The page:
Keep Calm and Carry On...At Home

Student Author: Makenna W.

The coronavirus, or COVID-19, is a virus that is located in the lungs. It has been around for many years but there has been a recent outbreak. For the past four months, China estimated about 125,625 cases and only 4,000 of those have ended fatally. This virus has spread to different countries, but people have recovered from it. No, there is not a vaccine for the coronavirus, but you can recover if you catch it. Keep reading to find out ways to prevent yourself from getting this virus.

Viruses are small particles that affect living organisms and attack cells. A virus can be spread through the air, touch or any type of contact with an infected person.  To stay away from a virus, you have to wash your hands and be careful of what you touch. If you think a hand sanitizer will work, you are incorrect. Hand sanitizer only kills bacteria and the COVID-19 is a virus. Wearing a facemask will also not lessen the chances of you catching this virus. A face mask is used for people who are already infected with a virus to keep them from getting you sick. Just try to avoid close contact with coughs and/or sneezes can help. Social distancing is proven to be the most effective way to keep yourself and others safe.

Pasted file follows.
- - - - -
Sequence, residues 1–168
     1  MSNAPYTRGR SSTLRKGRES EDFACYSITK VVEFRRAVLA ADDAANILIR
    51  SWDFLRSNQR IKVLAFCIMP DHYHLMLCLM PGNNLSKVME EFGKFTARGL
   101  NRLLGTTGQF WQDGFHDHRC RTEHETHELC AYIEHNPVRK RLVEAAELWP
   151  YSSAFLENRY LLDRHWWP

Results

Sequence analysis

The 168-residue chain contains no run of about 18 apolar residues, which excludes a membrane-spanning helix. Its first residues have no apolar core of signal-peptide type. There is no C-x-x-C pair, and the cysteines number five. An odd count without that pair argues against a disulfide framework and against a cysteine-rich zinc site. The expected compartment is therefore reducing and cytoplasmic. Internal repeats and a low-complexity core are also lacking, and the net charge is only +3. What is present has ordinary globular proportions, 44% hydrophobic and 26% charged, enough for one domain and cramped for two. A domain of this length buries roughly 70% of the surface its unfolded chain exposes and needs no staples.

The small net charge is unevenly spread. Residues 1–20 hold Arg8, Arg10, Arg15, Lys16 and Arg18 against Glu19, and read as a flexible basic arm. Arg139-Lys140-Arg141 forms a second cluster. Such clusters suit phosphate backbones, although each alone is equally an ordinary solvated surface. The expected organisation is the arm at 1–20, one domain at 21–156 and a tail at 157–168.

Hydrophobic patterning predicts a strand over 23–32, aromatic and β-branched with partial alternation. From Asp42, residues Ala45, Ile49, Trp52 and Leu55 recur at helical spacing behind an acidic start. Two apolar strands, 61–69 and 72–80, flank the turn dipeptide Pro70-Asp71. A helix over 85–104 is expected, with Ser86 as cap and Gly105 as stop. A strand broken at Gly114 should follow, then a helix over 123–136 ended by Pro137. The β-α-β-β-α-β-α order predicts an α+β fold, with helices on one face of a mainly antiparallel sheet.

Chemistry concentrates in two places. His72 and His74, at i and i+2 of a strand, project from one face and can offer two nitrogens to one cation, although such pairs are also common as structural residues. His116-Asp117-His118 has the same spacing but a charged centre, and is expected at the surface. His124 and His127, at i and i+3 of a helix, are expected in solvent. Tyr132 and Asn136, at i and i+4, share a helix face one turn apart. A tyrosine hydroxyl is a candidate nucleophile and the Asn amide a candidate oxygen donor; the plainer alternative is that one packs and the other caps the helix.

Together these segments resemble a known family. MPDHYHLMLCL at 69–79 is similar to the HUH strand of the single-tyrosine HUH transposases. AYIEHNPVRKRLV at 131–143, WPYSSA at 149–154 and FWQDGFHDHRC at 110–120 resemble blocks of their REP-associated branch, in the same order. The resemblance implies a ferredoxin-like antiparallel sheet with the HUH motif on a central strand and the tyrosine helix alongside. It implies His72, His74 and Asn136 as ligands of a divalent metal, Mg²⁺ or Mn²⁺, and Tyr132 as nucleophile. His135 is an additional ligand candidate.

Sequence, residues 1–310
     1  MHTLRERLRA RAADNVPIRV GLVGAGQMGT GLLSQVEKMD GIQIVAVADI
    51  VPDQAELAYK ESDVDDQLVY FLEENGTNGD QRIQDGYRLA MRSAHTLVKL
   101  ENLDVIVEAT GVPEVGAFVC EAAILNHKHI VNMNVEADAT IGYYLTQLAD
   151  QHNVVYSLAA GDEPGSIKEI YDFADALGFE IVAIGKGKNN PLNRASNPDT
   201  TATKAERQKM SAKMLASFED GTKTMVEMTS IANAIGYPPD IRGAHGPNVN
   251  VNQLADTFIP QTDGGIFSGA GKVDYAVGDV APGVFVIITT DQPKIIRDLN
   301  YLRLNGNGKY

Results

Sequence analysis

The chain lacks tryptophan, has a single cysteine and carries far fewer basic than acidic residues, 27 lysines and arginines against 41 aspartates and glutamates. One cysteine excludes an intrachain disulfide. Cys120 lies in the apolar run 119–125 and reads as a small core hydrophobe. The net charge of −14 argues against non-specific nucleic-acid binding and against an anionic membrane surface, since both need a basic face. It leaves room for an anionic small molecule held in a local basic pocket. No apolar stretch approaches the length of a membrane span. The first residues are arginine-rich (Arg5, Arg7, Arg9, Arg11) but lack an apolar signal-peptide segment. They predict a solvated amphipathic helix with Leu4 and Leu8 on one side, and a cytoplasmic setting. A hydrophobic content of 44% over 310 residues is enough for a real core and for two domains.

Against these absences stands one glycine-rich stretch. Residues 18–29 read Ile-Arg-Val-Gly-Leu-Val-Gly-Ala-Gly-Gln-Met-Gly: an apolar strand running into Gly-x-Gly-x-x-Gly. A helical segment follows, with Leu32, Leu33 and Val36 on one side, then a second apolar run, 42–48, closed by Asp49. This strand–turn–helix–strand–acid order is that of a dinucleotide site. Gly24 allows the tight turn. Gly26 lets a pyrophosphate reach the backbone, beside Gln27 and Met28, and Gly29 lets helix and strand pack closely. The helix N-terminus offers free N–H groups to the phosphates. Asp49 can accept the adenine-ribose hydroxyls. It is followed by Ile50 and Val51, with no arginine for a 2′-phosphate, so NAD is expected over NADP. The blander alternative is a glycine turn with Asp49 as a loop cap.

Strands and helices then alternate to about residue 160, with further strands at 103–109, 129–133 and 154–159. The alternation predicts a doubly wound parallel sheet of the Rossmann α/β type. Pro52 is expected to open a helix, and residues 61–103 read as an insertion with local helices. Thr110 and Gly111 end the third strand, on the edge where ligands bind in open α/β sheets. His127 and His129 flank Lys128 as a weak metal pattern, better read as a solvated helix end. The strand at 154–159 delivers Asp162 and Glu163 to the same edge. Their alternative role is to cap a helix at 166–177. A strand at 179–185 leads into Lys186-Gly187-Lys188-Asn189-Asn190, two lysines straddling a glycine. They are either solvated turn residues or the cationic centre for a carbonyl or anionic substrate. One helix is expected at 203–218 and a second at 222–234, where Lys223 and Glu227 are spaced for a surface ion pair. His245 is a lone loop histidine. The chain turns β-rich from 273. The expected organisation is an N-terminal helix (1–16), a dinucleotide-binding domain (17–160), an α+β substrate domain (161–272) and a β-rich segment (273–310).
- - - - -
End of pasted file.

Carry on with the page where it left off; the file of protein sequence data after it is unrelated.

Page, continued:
Most people think that COVID-19 is a new virus discovered and we know nothing about it. This is actually false. The coronavirus was discovered in the late 90s and early 2000s; scientists are trying to find out vaccinations and ways to cure this virus. It is proven that taking Vitamin C can reduce your risk of catching COVID-19. Scientists have also discovered different categories of it and ways to get tested. They are researching and trying their best to learn what they can do to help.

Most people are concerned but don’t be so worried that you are in constant fear or panic. Elders, young children, and people with autoimmune disease may have a higher chance of being infected. The best thing to do is wash your hands with hot, soapy water, avoid close contact to coughing and sneezing people, take your vitamins and do your research.



Works Cited

Lockerd, Lisa. Coronavirus Disease 2019: Myth vs Fact. John Hopkins. 12 March 2020

https://www.hopkinsmedicine.org/health/conditions-and-diseases/coronavirus/2019-novel-

coronavirus-myth-versus-fact.

Ellis, Lisa. What You Need To Know About The New Coronavirus. Perspectives; Einstein

Healthcare Network. 12 March 2020. Web 27 February 2020.

https://einsteinperspectives.com/what-you-need-to-know-about-the-new-coronavirus/.

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